Research has shown that when it comes to education, seat time equates to success. These results are causing many schools and districts to reevaluate their approaches to discipline, particularly any forms that remove the student from the classroom for an extended period of time. While there are certain behaviors that will always merit such a response, there are ways of instructing a child on appropriate school behaviors while minimizing disruption to the student’s educational programming.
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Many U.S. states subscribe to an early-warning intervention model of some kind to help support the unique needs of students. Whether it’s called RTI, RTI2, MTSS, or something else altogether, there are core elements and best practices that run throughout each approach to intervention. Today, we’ll unpack five best practices for your intervention program (no matter which model you subscribe to), using Tennessee’s state-mandated RTI2 as our guide.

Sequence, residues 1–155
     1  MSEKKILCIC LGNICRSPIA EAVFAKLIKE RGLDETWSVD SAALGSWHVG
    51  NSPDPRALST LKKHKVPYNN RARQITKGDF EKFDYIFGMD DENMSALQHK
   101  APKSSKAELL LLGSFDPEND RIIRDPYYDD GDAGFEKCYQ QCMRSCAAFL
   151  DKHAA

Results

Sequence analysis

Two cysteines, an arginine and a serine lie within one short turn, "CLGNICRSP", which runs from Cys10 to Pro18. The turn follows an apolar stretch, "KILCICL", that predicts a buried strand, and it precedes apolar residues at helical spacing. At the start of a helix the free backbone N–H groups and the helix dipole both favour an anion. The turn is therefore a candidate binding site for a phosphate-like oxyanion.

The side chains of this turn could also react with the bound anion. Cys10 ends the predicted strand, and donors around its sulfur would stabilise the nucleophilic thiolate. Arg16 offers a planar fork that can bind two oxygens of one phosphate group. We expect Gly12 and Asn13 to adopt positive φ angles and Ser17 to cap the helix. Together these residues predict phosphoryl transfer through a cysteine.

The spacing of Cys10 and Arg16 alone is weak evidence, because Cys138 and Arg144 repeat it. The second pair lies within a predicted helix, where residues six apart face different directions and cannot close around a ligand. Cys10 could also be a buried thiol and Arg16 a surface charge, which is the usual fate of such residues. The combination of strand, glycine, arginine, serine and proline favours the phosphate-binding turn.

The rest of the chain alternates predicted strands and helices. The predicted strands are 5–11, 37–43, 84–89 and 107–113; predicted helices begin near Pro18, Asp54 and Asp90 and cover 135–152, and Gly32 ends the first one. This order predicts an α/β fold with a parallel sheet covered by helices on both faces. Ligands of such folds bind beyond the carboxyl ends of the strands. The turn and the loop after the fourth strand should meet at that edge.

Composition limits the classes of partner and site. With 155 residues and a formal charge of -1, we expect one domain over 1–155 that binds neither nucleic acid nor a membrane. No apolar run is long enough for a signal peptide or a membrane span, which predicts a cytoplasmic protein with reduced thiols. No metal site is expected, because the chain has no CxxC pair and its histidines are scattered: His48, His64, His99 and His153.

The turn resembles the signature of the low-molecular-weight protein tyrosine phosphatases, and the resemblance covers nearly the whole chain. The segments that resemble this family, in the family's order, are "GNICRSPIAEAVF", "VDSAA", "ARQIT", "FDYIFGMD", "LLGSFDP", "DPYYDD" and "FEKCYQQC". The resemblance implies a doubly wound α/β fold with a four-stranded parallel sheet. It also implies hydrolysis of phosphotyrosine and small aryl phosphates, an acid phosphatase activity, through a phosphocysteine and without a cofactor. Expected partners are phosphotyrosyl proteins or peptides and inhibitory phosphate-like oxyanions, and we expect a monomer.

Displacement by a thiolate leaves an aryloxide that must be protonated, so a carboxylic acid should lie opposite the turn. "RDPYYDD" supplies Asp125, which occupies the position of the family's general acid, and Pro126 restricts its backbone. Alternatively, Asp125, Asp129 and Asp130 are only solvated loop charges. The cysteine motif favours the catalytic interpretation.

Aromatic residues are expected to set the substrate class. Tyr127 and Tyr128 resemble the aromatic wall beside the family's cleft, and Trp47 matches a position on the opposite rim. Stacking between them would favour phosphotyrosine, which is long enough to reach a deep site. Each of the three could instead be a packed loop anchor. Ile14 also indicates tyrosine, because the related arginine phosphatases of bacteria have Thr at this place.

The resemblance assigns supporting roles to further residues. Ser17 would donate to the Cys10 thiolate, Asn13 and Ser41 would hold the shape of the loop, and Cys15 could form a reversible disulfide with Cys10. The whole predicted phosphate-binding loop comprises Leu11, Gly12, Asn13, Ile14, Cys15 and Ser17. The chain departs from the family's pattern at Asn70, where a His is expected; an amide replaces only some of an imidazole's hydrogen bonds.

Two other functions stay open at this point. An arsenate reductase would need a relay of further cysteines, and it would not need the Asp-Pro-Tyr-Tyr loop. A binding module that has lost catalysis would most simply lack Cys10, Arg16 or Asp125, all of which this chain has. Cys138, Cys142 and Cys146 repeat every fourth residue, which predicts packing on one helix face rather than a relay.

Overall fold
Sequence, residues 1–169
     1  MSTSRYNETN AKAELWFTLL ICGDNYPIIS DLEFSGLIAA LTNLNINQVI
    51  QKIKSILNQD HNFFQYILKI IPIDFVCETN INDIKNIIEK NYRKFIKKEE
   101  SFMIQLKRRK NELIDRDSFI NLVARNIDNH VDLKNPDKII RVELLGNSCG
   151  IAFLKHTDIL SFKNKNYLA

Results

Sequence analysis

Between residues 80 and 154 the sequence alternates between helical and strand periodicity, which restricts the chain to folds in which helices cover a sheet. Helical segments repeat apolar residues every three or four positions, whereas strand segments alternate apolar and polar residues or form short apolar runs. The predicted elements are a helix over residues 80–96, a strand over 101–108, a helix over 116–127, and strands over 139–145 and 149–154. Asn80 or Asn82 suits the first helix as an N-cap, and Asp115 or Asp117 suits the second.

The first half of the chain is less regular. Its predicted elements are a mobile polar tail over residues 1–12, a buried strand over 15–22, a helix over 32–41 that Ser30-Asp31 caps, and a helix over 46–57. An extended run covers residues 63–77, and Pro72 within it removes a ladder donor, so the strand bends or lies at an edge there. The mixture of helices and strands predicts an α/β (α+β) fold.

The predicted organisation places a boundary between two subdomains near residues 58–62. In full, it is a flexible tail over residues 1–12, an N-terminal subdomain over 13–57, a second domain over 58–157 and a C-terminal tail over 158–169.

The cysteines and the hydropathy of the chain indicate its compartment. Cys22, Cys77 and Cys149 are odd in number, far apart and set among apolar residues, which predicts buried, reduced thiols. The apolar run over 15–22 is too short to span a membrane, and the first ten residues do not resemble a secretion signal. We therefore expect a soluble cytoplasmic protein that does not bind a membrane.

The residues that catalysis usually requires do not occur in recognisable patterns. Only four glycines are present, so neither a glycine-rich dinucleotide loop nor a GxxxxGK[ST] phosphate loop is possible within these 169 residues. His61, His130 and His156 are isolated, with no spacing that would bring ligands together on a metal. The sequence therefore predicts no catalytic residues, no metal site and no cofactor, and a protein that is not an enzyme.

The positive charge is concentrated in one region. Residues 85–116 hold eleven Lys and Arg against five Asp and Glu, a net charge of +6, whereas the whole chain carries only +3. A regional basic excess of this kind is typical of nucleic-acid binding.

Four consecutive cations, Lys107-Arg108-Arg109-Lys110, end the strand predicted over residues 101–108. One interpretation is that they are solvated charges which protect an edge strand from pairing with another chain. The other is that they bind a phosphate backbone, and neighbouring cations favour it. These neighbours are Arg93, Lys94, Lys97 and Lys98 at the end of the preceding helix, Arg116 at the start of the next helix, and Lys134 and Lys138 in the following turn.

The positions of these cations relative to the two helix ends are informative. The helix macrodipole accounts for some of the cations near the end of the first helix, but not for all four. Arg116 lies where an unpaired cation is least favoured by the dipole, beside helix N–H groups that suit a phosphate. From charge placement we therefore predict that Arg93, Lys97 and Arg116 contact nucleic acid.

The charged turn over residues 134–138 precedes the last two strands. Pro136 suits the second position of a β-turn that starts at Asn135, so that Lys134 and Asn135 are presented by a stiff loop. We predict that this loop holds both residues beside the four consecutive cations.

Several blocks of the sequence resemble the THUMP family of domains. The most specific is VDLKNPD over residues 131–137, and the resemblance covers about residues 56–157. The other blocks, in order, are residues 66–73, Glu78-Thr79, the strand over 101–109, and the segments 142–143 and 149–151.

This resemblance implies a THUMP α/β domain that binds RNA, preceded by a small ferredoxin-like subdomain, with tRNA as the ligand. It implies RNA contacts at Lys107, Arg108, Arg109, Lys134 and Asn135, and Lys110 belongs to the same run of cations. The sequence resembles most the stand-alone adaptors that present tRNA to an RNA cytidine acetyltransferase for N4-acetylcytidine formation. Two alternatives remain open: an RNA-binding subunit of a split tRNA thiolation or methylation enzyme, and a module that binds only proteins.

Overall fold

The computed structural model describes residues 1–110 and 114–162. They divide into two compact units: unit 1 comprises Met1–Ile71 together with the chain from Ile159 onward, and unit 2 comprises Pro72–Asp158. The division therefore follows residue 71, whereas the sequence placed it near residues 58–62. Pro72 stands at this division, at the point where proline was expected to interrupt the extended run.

September is Attendance Awareness Month, and as schools gear up for the new school year, it’s a great time to double down on attendance policies to help build good habits for students from the very beginning. While many states are focusing on combatting chronic absenteeism as a part of their ESSA plans, it’s important for administrators to be armed with the resources necessary to create a plan of attack.
A successful intervention program can make a difference for struggling students and help them get back on track. With so much recent research on student intervention as well as trends that seem to pop up every minute, it can be hard to determine what truly makes an intervention program effective. While you’re working on improving your intervention program for the upcoming school year, be sure to keep these six tips in mind:
Nationally, about 7 million students miss at least 15 days of school per year This equates to about one in every seven students. The reality for these chronically absent students is tough. Missing so many days of school can have negative impacts, such as falling behind, failing classes, and not graduating.